Emerging economies that relied heavily on demand from advanced economies will have to rebalance growth further toward domestic sources to achieve growth rates similar to those before the crisis. In economies with excessive external surpluses, removing distortions that drive high household or corporate saving rates and deter investment in non-tradable sectors would facilitate the rebalancing of growth to domestic sources. Such rebalancing will also require further deregulation and reform of financial sectors and corporate governance, as well as stronger social safety nets in key Asian economies.
IMF stepping up focus on global systemic stability
The IMF will step up its focus on global systemic stability and is closer to wrapping up a package of reforms that will make the 187-member institution more representative and better able to tackle the economic problems facing a globalised and interconnected economy, IMF Managing Director Dominique Strauss-Kahn said.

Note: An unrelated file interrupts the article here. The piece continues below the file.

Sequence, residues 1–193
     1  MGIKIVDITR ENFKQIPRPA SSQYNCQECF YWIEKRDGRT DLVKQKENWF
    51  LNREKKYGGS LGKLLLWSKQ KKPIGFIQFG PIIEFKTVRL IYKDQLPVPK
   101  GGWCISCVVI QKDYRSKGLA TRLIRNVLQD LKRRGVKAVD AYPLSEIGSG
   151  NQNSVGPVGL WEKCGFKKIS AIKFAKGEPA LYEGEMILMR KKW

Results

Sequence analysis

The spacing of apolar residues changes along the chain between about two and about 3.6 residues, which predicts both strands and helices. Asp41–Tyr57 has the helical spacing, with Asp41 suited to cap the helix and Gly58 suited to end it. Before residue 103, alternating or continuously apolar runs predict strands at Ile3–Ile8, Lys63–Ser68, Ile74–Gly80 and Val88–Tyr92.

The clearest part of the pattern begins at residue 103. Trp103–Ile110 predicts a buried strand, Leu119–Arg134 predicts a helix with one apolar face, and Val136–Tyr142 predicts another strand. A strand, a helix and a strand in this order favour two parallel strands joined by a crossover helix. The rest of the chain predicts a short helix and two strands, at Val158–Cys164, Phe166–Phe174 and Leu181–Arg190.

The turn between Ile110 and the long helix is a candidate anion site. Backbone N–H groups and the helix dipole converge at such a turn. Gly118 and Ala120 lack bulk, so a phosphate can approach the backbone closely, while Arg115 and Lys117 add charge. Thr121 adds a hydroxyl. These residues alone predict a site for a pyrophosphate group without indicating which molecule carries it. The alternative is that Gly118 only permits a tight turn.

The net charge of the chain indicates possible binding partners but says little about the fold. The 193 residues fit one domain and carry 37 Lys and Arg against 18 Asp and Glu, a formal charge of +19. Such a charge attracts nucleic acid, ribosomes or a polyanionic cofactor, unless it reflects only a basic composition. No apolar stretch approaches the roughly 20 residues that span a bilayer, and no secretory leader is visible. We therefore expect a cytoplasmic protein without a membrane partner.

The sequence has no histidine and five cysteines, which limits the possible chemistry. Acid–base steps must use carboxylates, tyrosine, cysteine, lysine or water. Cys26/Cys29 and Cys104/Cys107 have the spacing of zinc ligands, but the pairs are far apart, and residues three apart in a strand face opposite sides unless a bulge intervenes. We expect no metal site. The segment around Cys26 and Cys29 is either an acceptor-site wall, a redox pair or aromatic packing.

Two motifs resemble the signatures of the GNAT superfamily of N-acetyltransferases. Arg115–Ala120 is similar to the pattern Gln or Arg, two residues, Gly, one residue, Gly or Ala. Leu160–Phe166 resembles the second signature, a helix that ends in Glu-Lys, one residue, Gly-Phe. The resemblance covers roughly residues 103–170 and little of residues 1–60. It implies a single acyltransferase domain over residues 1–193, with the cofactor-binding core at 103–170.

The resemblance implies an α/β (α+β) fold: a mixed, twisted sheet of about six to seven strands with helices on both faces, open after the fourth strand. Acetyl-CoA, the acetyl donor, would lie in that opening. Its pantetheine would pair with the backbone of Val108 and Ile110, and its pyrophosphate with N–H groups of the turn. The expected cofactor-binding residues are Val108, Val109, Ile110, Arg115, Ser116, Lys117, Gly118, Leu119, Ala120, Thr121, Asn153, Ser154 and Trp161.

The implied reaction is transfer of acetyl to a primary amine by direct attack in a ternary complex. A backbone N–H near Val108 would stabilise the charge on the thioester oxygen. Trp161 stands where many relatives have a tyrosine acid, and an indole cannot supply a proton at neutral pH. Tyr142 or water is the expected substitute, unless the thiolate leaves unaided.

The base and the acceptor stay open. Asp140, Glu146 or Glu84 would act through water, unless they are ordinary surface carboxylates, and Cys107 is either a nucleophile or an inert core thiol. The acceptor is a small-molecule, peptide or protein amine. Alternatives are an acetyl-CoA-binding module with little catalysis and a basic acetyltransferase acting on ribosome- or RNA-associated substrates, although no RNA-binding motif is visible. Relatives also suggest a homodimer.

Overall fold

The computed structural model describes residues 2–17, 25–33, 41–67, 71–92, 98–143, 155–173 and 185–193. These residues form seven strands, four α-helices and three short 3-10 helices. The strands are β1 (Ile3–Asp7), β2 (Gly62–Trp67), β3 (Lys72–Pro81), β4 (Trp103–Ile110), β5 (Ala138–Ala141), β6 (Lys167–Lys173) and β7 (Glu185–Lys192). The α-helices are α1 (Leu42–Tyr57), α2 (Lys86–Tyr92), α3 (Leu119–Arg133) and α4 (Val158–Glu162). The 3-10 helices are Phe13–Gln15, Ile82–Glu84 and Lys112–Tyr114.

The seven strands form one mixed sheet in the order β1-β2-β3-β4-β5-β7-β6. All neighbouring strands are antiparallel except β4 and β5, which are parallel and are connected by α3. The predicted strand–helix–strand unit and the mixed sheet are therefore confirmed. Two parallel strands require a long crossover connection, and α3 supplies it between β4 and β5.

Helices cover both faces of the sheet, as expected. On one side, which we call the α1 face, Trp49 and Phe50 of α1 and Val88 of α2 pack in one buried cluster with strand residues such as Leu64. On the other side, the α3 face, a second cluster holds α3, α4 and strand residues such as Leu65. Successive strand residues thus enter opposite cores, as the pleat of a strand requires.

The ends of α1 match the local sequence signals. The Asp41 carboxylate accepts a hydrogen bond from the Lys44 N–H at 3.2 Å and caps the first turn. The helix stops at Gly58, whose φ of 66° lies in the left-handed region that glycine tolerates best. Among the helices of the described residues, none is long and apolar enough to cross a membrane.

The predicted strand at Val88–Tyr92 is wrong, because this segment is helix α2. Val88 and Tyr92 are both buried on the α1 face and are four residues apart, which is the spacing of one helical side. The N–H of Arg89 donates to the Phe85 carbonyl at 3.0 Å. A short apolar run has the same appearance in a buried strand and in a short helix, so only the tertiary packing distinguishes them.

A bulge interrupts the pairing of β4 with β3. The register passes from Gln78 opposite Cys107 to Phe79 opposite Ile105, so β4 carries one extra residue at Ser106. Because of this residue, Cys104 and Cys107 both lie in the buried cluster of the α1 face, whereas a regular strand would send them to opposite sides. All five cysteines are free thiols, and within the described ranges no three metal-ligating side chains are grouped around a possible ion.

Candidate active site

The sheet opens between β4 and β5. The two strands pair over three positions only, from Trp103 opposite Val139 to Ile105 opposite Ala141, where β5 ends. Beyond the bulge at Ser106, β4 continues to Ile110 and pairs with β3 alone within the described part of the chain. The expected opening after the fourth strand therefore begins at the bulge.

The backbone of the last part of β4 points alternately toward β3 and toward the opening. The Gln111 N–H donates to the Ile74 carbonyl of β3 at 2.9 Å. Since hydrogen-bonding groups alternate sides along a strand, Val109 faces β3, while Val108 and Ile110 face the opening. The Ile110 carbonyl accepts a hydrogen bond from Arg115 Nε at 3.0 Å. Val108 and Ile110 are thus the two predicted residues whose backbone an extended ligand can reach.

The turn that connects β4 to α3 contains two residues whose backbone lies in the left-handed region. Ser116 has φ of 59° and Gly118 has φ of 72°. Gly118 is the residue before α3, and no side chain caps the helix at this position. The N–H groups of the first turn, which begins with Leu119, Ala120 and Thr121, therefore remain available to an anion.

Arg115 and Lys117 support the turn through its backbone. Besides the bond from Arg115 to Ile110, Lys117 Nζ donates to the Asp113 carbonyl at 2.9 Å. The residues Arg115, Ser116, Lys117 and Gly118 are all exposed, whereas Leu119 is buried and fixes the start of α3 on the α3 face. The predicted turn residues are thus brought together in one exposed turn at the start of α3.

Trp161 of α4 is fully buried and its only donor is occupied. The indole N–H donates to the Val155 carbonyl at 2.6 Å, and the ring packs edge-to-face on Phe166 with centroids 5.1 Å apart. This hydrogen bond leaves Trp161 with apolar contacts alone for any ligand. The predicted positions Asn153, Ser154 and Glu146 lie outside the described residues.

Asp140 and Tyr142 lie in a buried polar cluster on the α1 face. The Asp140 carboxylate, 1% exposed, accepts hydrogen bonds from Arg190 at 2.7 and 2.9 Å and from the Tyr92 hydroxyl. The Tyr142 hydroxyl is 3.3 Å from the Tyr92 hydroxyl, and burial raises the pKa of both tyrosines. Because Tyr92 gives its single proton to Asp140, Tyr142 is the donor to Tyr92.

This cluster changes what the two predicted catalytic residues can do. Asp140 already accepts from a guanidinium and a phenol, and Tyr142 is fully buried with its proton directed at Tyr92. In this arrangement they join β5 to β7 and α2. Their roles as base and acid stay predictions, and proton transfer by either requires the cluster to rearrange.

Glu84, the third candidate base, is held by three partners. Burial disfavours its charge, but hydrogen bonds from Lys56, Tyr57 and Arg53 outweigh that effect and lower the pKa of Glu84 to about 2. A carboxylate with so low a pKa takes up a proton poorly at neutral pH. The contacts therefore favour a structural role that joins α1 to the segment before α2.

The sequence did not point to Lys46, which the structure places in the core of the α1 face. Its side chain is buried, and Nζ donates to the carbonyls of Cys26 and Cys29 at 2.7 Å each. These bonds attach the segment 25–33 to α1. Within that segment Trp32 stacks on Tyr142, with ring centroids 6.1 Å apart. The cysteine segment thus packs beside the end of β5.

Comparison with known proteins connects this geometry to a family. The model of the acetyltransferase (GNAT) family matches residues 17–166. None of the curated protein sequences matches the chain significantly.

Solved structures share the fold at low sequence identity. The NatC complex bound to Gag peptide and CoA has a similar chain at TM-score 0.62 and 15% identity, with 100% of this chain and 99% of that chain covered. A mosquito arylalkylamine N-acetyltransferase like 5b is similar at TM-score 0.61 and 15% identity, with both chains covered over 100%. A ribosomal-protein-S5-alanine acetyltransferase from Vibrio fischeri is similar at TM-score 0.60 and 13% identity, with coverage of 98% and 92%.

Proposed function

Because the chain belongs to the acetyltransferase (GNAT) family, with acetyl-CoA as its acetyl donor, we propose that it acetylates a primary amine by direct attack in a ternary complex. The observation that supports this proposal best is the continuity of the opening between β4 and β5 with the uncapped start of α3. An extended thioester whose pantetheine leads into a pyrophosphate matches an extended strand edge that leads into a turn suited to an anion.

At the end of a meeting of the IMF’s policy steering committee, the Managing Director expressed optimism about completing a series of reforms that will make the IMF more reflective of the new global economy by increasing the say in the institution of the dynamic emerging markets now leading the world out of recession.
“We have gone extensively into reform of the IMF — quotas, governance with all its components, the composition and size of the Executive Board,” said Youssef Boutros-Ghali, the Egyptian Finance Minister who is head of the International Monetary and Financial Committee (IMFC) of the Fund.
“There has been extensive progress. All of the parties involved are converging toward a package that we think will move the institution toward a new level, make it more adaptable and capable of dealing with the problems that have become multilateral in most of their features,” Boutros-Ghali said.